No. 1317



It is a proven fact that people accomplish more and do more when they enjoy what they are doing. This is also true when it comes to learning. To be sure, learning should be fun.
This is the theme for an exciting new copyrighted word game that I am developing titled, “Mr. Jim’s Word Game.” This is a vocabulary building program that I believe, in time, will be marketed all across the country.
The reason I feel so strongly about the need for this product is that I have spent the past 50 years in the “word” business and have come to understand why many of our nation’s schools are struggling. At one time the United States of America led the world in test scores for reading, math and science, but no more. Today we rank 18th out of 21 industrialized nations in these important benchmarks.
Here are a couple of insights as to why this is true. Several years ago a major university gave the members of its graduating class an English vocabulary test, and then tracked them for the next 20 years. They found that after 20 years the students who had known the greatest number of words were in the top income group. Those students who had known the fewest number of words were in the lowest income group. What was amazing is that there was not one exception. Here is a big part of the reason this was true. In 1955, 81 percent of parents in America read to or with their children. Today, that number is 21 percent.
The primary reason many of our schools are failing is because far too many students start to school without a good vocabulary base. To be sure, words are vital to learning and to our future success. This is because we use words to think with, and to speak with, and to write with -- and for everything involved in the communication process.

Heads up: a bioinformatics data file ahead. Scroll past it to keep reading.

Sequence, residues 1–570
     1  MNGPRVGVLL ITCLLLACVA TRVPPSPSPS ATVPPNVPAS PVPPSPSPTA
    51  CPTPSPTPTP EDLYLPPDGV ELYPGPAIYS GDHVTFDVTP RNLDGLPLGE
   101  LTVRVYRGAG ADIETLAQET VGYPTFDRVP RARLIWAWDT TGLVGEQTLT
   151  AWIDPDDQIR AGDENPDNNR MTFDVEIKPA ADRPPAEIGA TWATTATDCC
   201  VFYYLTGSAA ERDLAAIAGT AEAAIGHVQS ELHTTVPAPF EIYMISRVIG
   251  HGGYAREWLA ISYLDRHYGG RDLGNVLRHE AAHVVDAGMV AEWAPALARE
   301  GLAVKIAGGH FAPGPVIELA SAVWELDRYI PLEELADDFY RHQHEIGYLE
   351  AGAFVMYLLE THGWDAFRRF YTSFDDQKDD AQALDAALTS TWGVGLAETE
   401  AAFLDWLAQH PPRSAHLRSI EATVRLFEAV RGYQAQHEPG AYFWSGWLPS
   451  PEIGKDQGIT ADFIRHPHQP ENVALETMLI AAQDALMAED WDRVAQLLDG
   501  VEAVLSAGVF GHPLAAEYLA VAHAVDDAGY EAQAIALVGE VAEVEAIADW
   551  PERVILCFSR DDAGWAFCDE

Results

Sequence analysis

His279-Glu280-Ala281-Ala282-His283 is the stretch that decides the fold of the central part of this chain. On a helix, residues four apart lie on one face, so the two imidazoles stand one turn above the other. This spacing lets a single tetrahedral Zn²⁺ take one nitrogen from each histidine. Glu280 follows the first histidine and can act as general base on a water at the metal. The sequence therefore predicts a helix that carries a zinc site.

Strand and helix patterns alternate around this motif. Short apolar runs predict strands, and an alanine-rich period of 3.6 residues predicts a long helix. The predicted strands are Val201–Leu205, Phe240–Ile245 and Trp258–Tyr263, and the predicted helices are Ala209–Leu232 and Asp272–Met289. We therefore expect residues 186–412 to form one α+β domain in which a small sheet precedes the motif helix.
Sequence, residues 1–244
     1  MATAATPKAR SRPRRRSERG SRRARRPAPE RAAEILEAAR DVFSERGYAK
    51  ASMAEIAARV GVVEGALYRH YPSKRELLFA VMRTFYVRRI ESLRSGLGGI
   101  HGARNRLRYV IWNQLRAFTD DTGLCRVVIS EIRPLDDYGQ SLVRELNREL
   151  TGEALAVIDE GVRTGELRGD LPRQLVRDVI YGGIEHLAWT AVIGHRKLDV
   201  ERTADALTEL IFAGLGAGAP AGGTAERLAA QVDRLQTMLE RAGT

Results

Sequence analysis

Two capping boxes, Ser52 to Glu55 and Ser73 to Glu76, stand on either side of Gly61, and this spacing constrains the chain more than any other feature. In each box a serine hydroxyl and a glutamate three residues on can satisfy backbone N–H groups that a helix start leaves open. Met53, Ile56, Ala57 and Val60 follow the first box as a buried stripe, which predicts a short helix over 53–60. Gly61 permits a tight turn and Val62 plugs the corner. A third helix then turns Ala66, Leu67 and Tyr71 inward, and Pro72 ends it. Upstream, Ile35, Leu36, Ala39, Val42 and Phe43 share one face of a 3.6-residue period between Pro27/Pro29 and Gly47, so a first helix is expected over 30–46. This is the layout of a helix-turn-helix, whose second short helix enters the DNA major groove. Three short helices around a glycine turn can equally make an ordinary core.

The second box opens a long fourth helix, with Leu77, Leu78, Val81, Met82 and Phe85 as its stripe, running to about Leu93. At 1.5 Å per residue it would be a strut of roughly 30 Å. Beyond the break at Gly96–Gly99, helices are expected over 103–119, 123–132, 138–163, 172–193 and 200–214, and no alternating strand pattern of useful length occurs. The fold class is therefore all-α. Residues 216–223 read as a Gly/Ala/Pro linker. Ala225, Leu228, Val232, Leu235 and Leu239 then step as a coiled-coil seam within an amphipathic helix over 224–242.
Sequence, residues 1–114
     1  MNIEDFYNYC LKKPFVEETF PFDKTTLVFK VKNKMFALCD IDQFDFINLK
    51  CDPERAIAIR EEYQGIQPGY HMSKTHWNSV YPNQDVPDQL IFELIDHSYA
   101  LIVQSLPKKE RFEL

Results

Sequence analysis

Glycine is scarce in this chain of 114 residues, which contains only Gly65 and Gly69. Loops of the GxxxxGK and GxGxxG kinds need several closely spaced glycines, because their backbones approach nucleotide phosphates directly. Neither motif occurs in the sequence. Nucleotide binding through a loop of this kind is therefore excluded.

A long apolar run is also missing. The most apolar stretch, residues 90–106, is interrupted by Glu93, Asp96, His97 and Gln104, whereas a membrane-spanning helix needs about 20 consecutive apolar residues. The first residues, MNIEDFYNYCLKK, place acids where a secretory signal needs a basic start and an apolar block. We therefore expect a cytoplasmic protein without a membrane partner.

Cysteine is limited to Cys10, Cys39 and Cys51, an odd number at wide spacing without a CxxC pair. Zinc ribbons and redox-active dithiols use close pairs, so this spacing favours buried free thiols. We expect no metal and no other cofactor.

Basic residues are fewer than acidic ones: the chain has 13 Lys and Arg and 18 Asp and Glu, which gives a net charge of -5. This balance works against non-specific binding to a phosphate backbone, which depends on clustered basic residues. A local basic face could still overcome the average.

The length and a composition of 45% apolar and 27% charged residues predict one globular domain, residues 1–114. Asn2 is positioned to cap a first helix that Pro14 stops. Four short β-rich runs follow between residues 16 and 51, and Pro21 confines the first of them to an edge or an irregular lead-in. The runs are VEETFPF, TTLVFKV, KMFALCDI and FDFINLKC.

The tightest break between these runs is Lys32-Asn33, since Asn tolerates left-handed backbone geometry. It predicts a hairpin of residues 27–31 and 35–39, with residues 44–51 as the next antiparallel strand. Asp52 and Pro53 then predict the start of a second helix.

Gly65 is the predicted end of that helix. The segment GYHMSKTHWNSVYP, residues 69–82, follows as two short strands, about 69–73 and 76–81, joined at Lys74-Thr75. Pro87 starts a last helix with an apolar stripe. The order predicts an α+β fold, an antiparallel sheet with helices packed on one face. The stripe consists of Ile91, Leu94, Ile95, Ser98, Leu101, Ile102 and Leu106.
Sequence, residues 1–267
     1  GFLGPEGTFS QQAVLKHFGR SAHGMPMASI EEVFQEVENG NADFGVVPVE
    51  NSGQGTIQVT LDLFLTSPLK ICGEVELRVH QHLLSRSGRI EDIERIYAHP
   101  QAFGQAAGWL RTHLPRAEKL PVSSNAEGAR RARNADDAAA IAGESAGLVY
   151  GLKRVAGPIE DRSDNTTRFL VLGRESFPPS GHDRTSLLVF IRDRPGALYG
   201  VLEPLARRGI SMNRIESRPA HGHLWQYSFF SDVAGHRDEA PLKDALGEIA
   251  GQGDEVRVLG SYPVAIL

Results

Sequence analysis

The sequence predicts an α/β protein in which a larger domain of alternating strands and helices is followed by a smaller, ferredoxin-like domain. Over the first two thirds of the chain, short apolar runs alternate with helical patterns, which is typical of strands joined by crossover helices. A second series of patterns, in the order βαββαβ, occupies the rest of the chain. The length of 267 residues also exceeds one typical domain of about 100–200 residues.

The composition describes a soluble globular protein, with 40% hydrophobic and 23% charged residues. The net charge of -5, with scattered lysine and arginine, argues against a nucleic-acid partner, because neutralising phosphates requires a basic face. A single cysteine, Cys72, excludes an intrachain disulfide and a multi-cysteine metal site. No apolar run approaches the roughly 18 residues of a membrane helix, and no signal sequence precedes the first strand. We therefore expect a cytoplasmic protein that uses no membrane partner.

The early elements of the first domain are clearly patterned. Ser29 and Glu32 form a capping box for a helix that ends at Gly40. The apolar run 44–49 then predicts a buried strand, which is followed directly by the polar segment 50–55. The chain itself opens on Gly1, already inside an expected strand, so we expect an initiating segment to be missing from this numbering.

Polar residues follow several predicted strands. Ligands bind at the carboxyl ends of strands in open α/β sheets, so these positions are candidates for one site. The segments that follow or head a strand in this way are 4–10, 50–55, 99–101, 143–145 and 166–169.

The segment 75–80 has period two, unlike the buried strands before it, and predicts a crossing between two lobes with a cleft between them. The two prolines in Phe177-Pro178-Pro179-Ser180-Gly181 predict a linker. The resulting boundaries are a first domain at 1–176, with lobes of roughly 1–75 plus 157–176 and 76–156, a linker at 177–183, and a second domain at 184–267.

When he spoke to our Bookcase Awards Ceremony a few years back, School Superintendent Dr. Greg Murry pointed out that children from low-income families have a vocabulary of about 2,900 words, while children from affluent homes have twice that many.
In 1980, when I first started writing a weekly radio program, I did not know that many words. That has changed, however, after 40 years of writing a radio program, a newspaper column, making 1,700 speeches and writing 10 books. I counted it up some time back, and have now written or spoken several million words.
With God’s help, here is my plan to improve the vocabulary for pre-school children all across America. This can be used by parents and teachers alike. I have identified products from all across society and have taken their photos and pasted them on large sheets of poster board. Then I have gone back and identified each one, recorded the words on a sheet of paper, printed the words in large type, laminated the words, and cut them apart.
After putting all the words in a basket, the children will draw a word and match it up with the photo. Here is where the teacher or the parent comes into play. Each word -- some are very large -- can be identified, then pronounced, then spelled and then defined. This will take some time but not nearly as long as it took me.
I have also developed a long list of “concept” words that cannot be seen in a photo but can be explained and defined to increase the child’s knowledge and understanding. What is so exciting is that this process is fun, and each child will be encouraged to find other words that add to the program. In time we will have children begin school who are truly excited and ready to learn.
(Editor’s Note: Jim Davidson is an author, public speaker, syndicated columnist and Founder of the Bookcase for Every Child project. Since its inception in 1995, Jim’s column has been self-syndicated to over 375 newspapers in 35 states making it one of the most successful in the history of American journalism.)